Nordic black and rollers Vreid get more personal on concept ‘Welcome Farewell’

Storytellers are abundant in heavy metal, from Iron Maiden to Dio to King Diamond, and cracking open a record and getting lost in a narrative set to loud, epic music is as good a reason as any to embrace the genre we discuss every day. Getting to take a journey in, say, 45 minutes is a great way to be enthralled if you don’t have time to devote to a book.

The tales themselves can be, and have been, quite varied, from trips back into ancient history to adventures through graveyards to following the steps of a psychopath, and people who trash metal and deem it some sort of lowest common denominator form of art aren’t truly paying attention to the time, thought, and imagination going into some of this music. For example, if you played “Operation: Mindcrime” for someone today who had never heard the record before, they’d be able to find the piece just as relevant and scathing as it was when it was released. Try to make that same case for the pop music world. You’re lucky if something still holds true value a year later.

vreid coverFollowing this thread is another one of metal’s more ambitious storytellers, albeit not one quite as well known as the bands listed above. Norway’s Vreid spent two of their last three albums building concept pieces about the effects of World War II on their homeland, a direction that may not be all that well-known to us here in America, where all we hear is the folklore of our own nation’s involvement. They made for poignant, interesting pieces that certainly made an American like me think a little differently about how other nations were impacted. Their last record “V” expressed a theme of liberation, and now their new platter, the stunning and infectious “Welcome Farewell,” delves into a lifecycle based on short stories seen from an existential point of view. The tales are those similar to the village in which bass player Hváll lives, and the material is some of the band’s most personal yet.

Vreid certainly can be tagged a black metal band at heart, but they have a ton of melody behind their work, as well as some pure rock and roll spirit that makes their work so catchy. It’s not quite “Wolverine Blues” in its essence, but it’s a similar idea. It’s damn energetic and a ton of fun to hear blaring from your speakers or headphones. Comprising Vreid is the aforementioned Hváll, as well as vocalist/guitarist Sture Dingsøyr, guitarist Strom (who joined the band in 2010 and also played with the other three in Windir), and drummer Steingrim. They sound both focused and loose on this sixth record, and it’s a really involved, dynamic album that practically begs for repeat listens.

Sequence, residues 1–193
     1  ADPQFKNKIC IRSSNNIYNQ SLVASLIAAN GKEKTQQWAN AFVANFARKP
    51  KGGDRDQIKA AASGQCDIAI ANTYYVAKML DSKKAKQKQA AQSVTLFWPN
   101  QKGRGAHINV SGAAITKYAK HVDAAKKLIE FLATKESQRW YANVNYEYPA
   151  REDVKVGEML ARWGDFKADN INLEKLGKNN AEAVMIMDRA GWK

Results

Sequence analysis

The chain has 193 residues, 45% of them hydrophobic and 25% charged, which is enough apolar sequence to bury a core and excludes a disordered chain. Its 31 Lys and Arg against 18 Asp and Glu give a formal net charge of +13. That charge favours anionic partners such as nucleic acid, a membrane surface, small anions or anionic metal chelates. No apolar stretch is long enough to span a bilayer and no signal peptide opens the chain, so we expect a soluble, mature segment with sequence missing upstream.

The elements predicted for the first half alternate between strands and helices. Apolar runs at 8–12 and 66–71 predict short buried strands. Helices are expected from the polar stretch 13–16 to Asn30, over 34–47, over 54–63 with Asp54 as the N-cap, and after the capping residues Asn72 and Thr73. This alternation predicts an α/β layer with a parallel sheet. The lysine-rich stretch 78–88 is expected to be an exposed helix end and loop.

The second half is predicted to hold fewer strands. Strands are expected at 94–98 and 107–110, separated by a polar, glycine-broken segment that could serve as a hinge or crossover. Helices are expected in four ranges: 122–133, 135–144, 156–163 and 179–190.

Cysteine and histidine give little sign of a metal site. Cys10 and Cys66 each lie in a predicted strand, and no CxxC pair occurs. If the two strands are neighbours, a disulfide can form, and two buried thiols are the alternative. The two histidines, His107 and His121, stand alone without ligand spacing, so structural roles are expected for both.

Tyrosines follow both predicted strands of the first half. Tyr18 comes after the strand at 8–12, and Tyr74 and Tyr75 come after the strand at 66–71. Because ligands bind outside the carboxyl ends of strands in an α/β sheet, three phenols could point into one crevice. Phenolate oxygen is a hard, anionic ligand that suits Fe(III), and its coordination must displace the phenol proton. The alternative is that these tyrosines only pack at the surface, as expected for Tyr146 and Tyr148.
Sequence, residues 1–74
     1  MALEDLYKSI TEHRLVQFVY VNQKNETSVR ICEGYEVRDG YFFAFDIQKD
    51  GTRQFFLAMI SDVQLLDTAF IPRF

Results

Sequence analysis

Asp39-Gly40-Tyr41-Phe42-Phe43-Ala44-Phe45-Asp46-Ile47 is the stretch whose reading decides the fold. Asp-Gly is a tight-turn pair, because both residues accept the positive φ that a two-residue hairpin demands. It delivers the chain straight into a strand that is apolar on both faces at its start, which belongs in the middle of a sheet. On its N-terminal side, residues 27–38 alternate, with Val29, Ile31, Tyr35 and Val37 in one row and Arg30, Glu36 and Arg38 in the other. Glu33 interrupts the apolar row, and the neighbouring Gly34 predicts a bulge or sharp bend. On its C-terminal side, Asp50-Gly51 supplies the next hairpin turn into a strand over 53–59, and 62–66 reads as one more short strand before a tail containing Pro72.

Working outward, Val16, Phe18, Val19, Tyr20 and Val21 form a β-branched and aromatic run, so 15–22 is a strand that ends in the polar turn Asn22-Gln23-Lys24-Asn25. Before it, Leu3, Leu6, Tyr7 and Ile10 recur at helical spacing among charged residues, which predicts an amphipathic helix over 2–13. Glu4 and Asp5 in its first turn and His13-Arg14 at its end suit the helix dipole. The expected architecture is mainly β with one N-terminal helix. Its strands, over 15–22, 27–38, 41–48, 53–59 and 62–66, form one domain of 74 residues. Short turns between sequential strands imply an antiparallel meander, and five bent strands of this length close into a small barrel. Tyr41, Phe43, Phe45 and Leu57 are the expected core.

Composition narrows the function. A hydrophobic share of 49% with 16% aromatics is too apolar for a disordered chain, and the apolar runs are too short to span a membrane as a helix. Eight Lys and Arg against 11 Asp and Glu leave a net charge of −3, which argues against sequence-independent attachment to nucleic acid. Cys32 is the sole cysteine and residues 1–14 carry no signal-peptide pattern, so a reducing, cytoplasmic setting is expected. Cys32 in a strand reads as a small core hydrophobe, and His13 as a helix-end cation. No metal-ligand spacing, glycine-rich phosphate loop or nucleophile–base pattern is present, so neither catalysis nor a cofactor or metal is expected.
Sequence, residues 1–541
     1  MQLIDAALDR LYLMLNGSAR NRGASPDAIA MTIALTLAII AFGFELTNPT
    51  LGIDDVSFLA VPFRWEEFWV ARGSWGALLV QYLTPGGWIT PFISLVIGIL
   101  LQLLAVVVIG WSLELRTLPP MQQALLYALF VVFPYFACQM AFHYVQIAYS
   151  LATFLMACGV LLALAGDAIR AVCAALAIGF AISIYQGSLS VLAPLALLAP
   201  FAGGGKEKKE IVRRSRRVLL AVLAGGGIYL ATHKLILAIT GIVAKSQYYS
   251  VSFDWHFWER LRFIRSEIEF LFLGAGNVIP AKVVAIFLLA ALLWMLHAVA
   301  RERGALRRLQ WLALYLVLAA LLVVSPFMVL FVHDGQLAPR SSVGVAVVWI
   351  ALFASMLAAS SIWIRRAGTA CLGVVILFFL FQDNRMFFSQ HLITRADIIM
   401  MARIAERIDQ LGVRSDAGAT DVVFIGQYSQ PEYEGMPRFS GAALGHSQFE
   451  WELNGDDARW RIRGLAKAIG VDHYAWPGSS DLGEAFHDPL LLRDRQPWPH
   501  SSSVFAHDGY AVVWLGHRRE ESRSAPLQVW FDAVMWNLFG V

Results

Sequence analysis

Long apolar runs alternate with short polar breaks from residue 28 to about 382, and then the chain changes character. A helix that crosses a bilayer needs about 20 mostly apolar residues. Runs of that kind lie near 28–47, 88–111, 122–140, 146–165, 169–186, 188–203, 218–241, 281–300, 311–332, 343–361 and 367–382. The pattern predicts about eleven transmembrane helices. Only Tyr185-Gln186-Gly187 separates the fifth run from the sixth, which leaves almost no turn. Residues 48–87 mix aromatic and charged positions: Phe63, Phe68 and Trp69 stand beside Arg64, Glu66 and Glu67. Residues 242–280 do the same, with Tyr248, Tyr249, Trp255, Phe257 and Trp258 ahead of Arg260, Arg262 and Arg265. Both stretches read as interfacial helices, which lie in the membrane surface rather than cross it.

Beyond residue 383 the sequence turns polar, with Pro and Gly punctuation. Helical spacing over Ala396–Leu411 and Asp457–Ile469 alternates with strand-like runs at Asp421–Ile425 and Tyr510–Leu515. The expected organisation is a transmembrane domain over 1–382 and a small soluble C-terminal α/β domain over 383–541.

“The Ramble” opens the album warmly, with synth and a slow build, but then it blows open, simmers in a doomy guitar line, and Dingsøyr does his creakiest best, sounding a lot like Abbath from Immortal, pushing the storyline forward by howling, “Through the darkness, I ramble.” “Way of the Serpent” is fast and aggressive, with shrieky vocals, melodic passages, and thunderous lead guitar work that reminds of golden era Maiden. “The Devil’s Hand” is black and roll at Vreid’s very best, as the tempo is catchy and exciting and will get your blood pumping. The title cut has an opening reminiscent of classic, ’80s era metal, giving off a feeling of nostalgia for people like me, and the song goes from clean atmospherics to rumbling storming breathlessly.

“The Reap” is more rock-oriented, with the tempo sounding a bit like Blue Oyster Cult, and Dingsøyr’s vocals are more on the talky end and are full of personality. This was chosen as the first single from the album, which is a wise choice as it has the best chance to pull in people unfamiliar with Vreid and get them into what’s going on. “Sights of Old” is ominous and eerie, with some proggy fog and metallic violence, and the eight-minute song never drags and doesn’t even feel half this long. That’s how well it’s put together and played. “Black Waves” has a gothic feel to it, and Dingsøyr brings back the speak-singing, which he does well and charismatically, and it totally feels like NWOBHM power. Closer “At the Brook” finishes the album going back to a rock feeling, and it could complement “The Reap” as a track that helps lead this record and band into more people’s homes.

Vreid have done it again, coming up with a great record that keeps you tied into the storyline and once again refining their style of black metal. “Welcome Farewell” is a very well done record that sounds sharp, is always exciting, and shows these guys at the top of their game. I’m always intrigued as to where this band will go next, but for now, I’ll be more than satisfied spending time with this smasher.

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